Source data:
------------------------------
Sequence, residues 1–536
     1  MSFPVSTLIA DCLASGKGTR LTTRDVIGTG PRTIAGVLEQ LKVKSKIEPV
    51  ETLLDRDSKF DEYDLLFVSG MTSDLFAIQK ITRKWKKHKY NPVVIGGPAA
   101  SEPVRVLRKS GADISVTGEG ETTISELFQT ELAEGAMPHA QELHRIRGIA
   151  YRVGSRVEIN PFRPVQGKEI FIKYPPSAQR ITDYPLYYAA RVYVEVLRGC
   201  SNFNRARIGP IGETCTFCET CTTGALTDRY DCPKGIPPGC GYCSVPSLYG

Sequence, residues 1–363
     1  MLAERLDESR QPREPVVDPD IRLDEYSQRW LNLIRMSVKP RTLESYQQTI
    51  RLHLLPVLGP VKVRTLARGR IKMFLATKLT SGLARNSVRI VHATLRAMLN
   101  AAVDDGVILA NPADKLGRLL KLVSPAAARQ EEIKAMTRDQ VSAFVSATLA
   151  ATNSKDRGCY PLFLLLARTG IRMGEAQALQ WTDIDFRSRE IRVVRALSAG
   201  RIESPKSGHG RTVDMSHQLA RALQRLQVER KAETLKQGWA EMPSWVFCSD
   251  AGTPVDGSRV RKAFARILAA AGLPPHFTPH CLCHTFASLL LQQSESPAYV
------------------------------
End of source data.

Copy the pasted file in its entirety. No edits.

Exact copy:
Sequence, residues 1–536
     1  MSFPVSTLIA DCLASGKGTR LTTRDVIGTG PRTIAGVLEQ LKVKSKIEPV
    51  ETLLDRDSKF DEYDLLFVSG MTSDLFAIQK ITRKWKKHKY NPVVIGGPAA
   101  SEPVRVLRKS GADISVTGEG ETTISELFQT ELAEGAMPHA QELHRIRGIA
   151  YRVGSRVEIN PFRPVQGKEI FIKYPPSAQR ITDYPLYYAA RVYVEVLRGC
   201  SNFNRARIGP IGETCTFCET CTTGALTDRY DCPKGIPPGC GYCSVPSLYG

Sequence, residues 1–363
     1  MLAERLDESR QPREPVVDPD IRLDEYSQRW LNLIRMSVKP RTLESYQQTI
    51  RLHLLPVLGP VKVRTLARGR IKMFLATKLT SGLARNSVRI VHATLRAMLN
   101  AAVDDGVILA NPADKLGRLL KLVSPAAARQ EEIKAMTRDQ VSAFVSATLA
   151  ATNSKDRGCY PLFLLLARTG IRMGEAQALQ WTDIDFRSRE IRVVRALSAG
   201  RIESPKSGHG RTVDMSHQLA RALQRLQVER KAETLKQGWA EMPSWVFCSD
   251  AGTPVDGSRV RKAFARILAA AGLPPHFTPH CLCHTFASLL LQQSESPAYV